LISBON, July 5 (Reuters) - The main shareholder in Portugal’s Banco Espirito Santo picked an outsider to lead the bank after its previous choice of chief financial officer for the top job, who is seen as close to BES’ founding family, ran into opposition by regulators.
Espirito Santo Financial Group, that holds 25.1 percent of BES, said in a statement on Saturday that it and other “reference shareholders” will propose Vitor Bento, a 60-year-old economist, former Portugal’s debt agency chief and Bank of Portugal department head, as the new chief executive. Shareholders will vote on the nomination at a general meeting on July 31.
The bank’s founding Espirito Santo family has been under regulator scrutiny since acknowledging in May there were “material irregularities” at a Luxembourg-registered holding company through which it has held part of its stake in the bank.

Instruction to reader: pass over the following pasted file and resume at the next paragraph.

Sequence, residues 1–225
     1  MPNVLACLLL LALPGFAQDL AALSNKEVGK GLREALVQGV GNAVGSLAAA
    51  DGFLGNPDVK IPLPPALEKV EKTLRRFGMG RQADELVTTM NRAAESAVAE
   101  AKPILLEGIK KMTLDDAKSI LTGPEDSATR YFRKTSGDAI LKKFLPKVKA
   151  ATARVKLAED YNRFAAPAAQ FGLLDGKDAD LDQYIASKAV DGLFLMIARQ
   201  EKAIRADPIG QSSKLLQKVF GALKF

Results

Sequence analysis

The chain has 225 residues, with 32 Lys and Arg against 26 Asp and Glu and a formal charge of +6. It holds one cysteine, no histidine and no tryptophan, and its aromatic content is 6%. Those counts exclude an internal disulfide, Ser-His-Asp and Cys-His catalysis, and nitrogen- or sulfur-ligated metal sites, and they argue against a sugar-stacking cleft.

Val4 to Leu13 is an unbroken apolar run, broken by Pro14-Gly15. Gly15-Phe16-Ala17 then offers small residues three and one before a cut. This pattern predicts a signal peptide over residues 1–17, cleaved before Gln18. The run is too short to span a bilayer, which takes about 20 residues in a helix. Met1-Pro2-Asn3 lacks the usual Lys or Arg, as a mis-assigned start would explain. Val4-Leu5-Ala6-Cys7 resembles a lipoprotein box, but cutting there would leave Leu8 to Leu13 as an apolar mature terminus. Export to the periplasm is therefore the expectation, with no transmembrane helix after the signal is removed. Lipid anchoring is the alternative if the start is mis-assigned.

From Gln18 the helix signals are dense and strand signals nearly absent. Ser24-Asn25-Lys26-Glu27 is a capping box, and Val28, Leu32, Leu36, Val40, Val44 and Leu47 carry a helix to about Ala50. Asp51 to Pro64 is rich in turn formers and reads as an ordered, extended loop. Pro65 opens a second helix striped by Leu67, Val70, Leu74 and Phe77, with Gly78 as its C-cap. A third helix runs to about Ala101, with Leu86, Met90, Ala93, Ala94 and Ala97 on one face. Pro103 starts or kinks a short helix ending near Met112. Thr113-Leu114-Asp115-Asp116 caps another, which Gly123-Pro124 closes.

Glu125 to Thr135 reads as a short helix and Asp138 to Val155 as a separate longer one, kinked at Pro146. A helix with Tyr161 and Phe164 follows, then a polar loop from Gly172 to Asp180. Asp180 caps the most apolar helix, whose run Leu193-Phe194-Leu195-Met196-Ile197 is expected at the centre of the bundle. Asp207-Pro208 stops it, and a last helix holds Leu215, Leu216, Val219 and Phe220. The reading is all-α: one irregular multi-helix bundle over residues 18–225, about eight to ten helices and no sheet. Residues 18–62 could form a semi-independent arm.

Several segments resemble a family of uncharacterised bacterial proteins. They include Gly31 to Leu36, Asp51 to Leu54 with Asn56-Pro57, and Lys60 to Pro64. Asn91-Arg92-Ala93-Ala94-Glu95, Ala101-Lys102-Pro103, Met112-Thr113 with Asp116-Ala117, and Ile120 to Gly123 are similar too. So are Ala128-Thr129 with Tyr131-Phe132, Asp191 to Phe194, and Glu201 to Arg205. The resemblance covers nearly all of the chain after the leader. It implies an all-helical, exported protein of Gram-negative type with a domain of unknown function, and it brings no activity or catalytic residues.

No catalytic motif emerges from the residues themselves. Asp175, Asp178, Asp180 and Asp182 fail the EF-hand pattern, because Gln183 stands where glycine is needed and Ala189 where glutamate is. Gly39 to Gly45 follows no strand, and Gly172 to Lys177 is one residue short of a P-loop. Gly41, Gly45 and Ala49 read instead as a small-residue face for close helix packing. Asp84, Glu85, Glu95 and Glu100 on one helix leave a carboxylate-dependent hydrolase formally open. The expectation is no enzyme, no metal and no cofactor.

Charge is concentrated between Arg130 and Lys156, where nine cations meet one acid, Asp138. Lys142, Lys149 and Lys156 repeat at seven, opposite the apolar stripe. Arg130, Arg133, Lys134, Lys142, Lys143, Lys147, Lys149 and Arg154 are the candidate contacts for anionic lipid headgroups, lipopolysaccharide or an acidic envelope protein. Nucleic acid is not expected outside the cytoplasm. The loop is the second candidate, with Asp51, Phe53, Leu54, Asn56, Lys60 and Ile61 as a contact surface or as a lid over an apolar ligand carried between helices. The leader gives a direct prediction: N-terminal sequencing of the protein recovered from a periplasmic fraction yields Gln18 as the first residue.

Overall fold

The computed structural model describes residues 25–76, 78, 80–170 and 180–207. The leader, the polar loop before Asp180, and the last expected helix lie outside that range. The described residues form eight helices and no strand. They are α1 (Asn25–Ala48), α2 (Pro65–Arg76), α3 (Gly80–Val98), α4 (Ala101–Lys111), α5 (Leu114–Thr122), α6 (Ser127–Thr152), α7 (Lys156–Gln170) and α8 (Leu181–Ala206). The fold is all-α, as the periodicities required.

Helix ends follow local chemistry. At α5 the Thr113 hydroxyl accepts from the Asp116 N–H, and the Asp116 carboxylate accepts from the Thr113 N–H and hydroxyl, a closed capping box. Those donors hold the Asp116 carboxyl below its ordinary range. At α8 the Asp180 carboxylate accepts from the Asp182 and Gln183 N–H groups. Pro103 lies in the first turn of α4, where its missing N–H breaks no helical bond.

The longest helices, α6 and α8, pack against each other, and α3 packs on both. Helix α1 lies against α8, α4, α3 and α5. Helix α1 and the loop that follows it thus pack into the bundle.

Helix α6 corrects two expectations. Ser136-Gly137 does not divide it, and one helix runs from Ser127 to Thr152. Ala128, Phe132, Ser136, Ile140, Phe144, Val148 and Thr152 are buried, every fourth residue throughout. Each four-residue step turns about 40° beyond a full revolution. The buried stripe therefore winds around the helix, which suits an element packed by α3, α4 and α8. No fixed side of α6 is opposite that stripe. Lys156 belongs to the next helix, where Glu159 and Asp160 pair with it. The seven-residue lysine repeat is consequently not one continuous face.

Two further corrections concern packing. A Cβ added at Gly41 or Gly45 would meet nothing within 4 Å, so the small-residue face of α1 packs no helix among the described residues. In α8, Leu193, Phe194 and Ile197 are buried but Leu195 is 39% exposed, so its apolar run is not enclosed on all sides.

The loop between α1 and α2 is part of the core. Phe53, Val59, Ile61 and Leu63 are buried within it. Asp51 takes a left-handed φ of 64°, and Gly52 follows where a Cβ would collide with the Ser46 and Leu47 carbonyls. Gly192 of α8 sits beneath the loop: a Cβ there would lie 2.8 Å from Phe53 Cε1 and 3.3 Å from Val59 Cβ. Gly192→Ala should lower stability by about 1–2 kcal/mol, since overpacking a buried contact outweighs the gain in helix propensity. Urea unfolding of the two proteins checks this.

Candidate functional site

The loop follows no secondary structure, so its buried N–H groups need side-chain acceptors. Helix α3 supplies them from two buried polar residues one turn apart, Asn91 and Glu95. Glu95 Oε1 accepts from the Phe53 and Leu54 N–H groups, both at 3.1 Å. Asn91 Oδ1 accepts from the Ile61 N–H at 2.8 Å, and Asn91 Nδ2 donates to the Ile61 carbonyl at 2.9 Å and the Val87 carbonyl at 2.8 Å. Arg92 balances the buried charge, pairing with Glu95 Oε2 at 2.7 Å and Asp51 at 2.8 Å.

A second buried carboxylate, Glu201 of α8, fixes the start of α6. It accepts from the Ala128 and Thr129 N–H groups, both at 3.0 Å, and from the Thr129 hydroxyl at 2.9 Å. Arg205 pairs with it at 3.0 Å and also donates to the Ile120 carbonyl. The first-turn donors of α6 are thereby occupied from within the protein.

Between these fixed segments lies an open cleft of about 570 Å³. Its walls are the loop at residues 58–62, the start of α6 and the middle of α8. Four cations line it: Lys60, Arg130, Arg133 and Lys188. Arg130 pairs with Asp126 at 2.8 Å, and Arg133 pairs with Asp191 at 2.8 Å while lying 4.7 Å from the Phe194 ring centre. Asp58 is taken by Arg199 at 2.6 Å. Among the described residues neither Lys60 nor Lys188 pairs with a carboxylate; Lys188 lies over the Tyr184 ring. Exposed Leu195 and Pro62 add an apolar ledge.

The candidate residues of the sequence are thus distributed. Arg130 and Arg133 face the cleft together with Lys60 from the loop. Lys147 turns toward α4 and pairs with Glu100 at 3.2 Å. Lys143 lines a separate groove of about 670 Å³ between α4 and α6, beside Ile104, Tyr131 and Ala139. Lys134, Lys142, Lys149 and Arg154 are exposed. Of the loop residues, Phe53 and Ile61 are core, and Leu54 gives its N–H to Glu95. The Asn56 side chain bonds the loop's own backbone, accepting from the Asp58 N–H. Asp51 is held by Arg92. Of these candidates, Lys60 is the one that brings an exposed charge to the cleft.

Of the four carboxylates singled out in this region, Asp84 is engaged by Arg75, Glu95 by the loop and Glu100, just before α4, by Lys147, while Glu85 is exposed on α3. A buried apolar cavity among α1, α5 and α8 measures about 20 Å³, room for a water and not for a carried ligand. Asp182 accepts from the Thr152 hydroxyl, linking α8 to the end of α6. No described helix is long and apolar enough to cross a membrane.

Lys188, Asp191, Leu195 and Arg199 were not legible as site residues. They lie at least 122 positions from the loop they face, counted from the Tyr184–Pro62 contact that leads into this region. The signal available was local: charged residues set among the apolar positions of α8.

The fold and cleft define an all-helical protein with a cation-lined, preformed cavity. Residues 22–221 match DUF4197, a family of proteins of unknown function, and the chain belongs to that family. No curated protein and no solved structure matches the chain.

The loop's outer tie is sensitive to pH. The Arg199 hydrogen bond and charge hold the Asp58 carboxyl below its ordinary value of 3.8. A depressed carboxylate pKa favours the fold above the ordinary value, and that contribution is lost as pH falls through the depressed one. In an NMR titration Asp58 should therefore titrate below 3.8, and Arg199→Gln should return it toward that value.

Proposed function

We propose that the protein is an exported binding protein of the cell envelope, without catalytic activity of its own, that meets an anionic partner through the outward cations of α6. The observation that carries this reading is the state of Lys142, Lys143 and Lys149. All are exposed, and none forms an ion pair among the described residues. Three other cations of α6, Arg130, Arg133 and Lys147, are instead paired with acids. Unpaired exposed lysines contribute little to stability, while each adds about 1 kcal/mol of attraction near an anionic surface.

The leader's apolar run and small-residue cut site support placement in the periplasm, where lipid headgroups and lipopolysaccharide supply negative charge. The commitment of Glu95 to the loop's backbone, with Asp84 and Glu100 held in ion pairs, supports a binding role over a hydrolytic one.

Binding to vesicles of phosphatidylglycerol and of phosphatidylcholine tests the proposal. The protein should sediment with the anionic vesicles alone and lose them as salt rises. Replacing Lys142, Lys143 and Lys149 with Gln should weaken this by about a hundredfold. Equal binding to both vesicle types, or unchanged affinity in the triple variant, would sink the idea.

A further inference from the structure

The family lost control of the country’s largest listed bank by assets in last month’s 1 billion euro capital increase and the new move means their grip on the bank will likely diminish further after a clear signal from regulators that they want to isolate the bank from any fallout from the family’s problems.
ESFG also proposed Joao Moreira Rato, who leads the country’s debt agency IGCP and has been in charge of Portugal’s successful return to debt markets after an international bailout in 2011, to be Bento’s chief financial officer at BES. (Reporting By Andrei Khalip)